- User Since
- Jun 4 2013, 6:02 AM (511 w, 5 d)
Tue, Mar 21
Tue, Mar 14
It's not exactly what I had in mind, but I kinda like it :)
Tue, Mar 7
You may want to check that pointers to virtual functions get printed here. In particular, that 0x00000000000000010000000000000000 (pointer to the first virtual function) does not get printed as nullptr or something like that (due to the truncation of the 128-bit value to zero).
Mon, Mar 6
I kinda like this.
Wed, Mar 1
Feb 23 2023
Feb 21 2023
Feb 20 2023
I'm afraid you're fixing this at the wrong end. This kind of complex thread control does not belong inside the debug stub.
There's one thing that's not clear to me about this patch. What is the relationship between qGetTLSAddr, as implemented here, and its implementation in GDB? I guess they're not compatible since we're not sending or using the offset and link map fields, but it's not clear to me whether we're at least implementing some subset of gdb functionality (e.g., what would gdbserver do if it received one of the packets that we're sending here). If we're not, then I don't think we should be using the same packet for this purpose.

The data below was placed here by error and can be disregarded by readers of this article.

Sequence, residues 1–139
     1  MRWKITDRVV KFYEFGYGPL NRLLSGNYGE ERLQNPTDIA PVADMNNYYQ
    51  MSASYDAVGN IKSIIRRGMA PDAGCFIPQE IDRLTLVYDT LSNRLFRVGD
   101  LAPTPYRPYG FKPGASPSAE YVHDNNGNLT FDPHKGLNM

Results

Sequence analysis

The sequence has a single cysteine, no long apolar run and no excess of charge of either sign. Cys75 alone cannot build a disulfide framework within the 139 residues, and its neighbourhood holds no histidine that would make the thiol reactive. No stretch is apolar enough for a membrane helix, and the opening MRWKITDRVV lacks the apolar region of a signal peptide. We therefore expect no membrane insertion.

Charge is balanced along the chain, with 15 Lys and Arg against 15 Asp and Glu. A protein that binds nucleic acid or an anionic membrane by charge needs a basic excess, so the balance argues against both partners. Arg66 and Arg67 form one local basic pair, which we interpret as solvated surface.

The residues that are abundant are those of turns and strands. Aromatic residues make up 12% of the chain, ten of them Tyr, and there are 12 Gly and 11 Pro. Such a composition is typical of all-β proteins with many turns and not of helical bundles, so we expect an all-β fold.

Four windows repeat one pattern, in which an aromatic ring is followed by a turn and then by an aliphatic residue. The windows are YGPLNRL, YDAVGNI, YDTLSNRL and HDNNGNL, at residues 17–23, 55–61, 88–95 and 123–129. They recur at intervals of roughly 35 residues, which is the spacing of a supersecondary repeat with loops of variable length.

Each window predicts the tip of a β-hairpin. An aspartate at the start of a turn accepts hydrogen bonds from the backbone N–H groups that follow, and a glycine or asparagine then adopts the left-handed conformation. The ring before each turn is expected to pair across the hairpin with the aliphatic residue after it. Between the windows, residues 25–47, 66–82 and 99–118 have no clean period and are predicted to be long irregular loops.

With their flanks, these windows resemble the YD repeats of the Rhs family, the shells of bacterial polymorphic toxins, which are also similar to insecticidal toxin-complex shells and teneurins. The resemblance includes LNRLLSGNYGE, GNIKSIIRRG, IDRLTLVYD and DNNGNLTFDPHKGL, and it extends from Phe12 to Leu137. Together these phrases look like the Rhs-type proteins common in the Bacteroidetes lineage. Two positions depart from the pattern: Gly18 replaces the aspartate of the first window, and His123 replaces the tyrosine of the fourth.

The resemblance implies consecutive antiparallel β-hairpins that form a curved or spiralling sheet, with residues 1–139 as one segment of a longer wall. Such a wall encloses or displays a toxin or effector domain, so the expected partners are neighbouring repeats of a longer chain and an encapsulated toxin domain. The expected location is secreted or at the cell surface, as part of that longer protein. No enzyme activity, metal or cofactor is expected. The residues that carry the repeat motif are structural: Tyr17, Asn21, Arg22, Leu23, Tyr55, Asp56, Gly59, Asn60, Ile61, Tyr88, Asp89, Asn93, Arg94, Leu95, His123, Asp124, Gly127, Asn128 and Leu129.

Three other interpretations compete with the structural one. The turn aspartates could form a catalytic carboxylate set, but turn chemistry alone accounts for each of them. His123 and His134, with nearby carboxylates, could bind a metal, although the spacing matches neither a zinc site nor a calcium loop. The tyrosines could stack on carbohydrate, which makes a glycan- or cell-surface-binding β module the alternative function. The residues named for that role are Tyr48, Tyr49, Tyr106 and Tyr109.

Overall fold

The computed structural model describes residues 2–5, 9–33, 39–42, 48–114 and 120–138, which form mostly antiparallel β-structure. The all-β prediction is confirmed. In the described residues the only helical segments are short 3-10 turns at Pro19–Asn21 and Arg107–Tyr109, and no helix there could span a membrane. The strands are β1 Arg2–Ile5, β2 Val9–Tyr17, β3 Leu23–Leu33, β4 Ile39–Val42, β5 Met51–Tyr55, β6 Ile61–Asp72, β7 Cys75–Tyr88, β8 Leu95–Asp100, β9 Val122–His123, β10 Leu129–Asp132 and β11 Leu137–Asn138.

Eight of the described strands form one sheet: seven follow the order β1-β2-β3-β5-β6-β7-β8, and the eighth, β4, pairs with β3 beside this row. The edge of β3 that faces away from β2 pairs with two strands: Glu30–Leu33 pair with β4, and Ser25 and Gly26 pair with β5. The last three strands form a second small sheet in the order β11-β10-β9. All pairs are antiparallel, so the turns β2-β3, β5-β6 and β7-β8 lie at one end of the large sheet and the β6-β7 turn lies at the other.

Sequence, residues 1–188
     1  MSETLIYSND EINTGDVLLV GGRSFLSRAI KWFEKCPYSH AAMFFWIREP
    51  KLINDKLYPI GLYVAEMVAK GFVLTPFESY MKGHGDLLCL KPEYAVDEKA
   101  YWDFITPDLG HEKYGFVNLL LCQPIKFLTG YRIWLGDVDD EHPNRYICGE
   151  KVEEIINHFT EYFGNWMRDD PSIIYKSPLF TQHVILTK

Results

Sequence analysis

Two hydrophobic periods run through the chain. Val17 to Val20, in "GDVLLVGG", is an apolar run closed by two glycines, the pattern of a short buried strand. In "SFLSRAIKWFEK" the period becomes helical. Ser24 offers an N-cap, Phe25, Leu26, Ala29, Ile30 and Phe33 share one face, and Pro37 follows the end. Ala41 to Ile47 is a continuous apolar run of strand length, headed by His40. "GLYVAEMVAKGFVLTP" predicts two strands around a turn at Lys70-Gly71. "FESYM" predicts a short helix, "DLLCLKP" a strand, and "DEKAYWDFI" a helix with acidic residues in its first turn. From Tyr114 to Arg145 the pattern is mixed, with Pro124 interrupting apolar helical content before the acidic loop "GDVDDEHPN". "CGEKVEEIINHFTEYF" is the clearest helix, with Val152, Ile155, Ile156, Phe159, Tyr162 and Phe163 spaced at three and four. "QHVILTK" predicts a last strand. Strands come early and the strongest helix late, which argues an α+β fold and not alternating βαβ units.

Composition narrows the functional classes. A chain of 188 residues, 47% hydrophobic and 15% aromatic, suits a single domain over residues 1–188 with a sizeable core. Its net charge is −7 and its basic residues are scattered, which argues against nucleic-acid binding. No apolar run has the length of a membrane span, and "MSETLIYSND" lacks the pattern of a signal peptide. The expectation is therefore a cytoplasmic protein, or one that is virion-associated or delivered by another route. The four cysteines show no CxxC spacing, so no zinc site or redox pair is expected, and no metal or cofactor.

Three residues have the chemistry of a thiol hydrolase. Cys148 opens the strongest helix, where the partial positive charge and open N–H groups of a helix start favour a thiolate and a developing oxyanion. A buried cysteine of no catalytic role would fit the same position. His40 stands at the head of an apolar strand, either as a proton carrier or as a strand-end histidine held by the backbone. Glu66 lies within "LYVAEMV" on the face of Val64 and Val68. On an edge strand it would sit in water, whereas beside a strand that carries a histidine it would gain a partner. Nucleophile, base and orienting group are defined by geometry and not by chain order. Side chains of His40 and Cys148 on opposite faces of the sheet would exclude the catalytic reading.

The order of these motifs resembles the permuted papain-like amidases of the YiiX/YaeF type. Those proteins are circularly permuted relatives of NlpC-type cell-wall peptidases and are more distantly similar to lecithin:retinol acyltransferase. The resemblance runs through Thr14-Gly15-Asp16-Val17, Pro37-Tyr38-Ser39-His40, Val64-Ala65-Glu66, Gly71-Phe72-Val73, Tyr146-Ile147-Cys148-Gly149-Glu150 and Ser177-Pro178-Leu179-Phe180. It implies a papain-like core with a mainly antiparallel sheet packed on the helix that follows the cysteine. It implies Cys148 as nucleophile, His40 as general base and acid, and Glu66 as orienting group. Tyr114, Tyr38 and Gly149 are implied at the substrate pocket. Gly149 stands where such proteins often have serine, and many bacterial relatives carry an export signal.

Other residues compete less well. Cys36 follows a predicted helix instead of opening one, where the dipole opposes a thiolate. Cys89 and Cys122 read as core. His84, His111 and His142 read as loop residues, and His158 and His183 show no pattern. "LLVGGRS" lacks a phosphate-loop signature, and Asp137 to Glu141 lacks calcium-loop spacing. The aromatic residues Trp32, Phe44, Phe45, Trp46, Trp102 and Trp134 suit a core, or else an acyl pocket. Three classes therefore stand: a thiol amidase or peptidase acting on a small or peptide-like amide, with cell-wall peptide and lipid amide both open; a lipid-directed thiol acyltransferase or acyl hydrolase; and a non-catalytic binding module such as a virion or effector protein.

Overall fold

Feb 13 2023
Thank you for your patience. I'm really happy with the overall result here.
Feb 8 2023
Feb 3 2023
I like this.
Well.. I don't believe we have any ASTImporter calls in any of the other pretty printers, so I think this change is good. And if it causes some other issues, then maybe we need to look at solving them in some other way...
Feb 2 2023
Jan 31 2023
Jan 30 2023
I'm sorry Omair, my comment was meant for Jorge, not you. @skipIfXml is not the right decorator here, although it will probably kinda fix the failure (because the bot does not have xml support either). I *think* the compressed section support is controlled by presence of zlib.
I'm pretty sure that's because that bot builds without zlib support. You'll need to add something like @skipIfXmlSupportMissing to this test (I think we don't have a decorator for zlib now, so you'll probably need to add one).
Jan 27 2023
I'm sorry, but that patch does not fix the problem I am trying to point out. In fact, I think it makes things a lot worse.
I wouldn't exactly use the word happy, but I also don't have the time to come up with an alternative proposal.
Jan 25 2023
Jan 23 2023
Thanks for your response, Jim.
I'm sorry, but I still don't feel I can properly review. Can you answer the questions from my previous comment? I need to understand what are the locations of the various lldb components and the values of relevant variables (LLDB_PYTHON_RELATIVE_LIBDIR for one), before and after this patch.
Jan 13 2023
In addition to that, it breaks tests with ubsan. :)
Jan 12 2023
It does. It just doesn't do it by default -- same as on linux (but not on PS4 I believe). You have to use the -gdwarf-aranges flag explicitly (which, quite possibly, noone does),